The idea of distinct villages in the Marne Valley is new, he believes.
“Before it was just the Marne Valley, without any differentiation,” says Falala. “Now we can identify individual villages characters. Vincelles is on the north bank of the Marne with its floral, fruity wines that have great freshness. Jérôme Dehours’s village of Cerseuil, on the cooler south bank, produces wines that have greater finesse and lightness.”
Villages and individual parcels are two ways to tell the world that Meunier is as much a grape of terroir as Chardonnay or Pinot Noir. You can find variations in fruitiness, texture and tension depending on where the grape is planted, its exposure and how high up the slope the vines are planted.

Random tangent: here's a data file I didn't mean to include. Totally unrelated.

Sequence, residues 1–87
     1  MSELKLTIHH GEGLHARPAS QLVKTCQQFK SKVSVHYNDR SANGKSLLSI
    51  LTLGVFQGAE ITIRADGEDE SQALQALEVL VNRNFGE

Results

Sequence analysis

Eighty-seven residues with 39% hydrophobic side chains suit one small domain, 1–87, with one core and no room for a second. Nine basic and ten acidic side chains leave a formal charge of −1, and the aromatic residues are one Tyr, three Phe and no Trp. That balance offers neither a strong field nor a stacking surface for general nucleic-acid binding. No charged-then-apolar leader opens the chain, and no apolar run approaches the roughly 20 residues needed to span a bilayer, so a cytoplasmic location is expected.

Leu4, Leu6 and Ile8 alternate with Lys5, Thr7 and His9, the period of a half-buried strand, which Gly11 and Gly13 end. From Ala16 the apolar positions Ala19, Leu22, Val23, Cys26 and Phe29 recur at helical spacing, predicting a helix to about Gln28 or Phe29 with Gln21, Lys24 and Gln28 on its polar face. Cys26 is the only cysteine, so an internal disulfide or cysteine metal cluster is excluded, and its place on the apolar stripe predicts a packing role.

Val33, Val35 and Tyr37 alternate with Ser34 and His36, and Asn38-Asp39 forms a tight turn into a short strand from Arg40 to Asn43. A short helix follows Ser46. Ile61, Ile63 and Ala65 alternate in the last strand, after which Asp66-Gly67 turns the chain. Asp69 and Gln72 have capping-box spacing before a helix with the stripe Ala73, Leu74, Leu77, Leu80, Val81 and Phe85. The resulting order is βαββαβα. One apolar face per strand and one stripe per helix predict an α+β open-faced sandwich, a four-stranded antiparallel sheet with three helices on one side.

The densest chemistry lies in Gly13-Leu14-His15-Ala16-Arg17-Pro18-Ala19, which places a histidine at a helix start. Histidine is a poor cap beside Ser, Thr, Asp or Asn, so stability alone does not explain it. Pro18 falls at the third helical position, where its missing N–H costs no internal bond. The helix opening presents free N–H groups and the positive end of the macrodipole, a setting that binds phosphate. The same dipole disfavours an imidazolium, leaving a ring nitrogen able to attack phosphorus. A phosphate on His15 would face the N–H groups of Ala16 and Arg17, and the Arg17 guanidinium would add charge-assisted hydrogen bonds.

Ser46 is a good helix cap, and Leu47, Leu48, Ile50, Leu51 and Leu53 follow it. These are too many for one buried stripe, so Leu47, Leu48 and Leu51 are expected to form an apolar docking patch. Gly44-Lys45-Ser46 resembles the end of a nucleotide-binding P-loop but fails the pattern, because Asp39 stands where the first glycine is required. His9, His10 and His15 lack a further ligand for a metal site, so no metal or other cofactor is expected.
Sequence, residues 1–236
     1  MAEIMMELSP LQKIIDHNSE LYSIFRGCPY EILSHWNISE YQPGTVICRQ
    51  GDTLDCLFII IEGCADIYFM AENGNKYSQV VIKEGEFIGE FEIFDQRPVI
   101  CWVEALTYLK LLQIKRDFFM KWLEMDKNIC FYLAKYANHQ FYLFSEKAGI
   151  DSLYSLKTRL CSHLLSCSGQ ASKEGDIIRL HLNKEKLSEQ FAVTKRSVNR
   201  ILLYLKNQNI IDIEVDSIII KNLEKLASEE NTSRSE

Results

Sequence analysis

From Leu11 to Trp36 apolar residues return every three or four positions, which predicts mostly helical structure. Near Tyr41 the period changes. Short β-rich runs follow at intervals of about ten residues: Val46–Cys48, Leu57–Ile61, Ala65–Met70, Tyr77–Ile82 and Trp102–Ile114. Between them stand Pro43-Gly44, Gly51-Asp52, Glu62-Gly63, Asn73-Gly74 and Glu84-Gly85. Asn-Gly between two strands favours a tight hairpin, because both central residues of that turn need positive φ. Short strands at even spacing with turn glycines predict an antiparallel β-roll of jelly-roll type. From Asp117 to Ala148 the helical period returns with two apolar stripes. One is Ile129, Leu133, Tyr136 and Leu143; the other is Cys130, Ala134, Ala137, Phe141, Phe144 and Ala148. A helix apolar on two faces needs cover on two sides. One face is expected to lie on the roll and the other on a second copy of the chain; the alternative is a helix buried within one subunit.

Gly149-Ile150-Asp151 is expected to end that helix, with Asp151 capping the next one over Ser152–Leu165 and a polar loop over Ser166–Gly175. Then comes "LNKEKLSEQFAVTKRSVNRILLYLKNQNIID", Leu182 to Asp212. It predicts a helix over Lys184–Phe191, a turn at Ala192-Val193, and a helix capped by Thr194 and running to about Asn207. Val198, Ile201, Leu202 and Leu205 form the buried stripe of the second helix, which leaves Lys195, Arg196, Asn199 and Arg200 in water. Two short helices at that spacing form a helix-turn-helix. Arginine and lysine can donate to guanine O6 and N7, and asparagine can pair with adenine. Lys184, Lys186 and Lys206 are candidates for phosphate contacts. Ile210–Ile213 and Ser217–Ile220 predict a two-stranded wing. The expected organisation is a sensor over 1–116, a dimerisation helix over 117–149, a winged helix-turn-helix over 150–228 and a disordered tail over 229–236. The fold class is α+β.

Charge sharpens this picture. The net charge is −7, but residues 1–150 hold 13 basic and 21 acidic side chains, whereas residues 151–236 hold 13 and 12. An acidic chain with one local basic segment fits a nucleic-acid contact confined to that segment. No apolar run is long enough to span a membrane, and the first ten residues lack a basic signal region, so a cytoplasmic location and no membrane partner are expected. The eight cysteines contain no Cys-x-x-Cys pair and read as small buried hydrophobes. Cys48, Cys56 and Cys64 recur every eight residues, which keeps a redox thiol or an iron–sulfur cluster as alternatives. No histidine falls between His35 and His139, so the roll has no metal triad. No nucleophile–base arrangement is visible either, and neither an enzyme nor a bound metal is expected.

If you tell a Meunier grower that this is all very Burgundian, he or she will thank you. Then they will walk to two tanks and point out that these two very different wines came from parcels that sit just a short distance apart.
That’s exactly what happened with Alexandre Salmon, at Champagne Salmon in Chaumuzy, just out of the Marne Valley proper. As he tastes vins clairs, or young wines, that just finished their first fermentation and weren’t yet bottled, he points to the vineyards.
“One is just behind the house, the other is over there behind those trees,” he says.
The differences were obvious. One was full and round in character, the other floral and crisp, the distance between the vines only a matter of yards.
The epoch of Meunier as just the third workhorse grape in Champagne is over. Now is the time to search out wines from these producers and many others and give the variety its rightful, equal and distinctive place in the firmament of Champagne.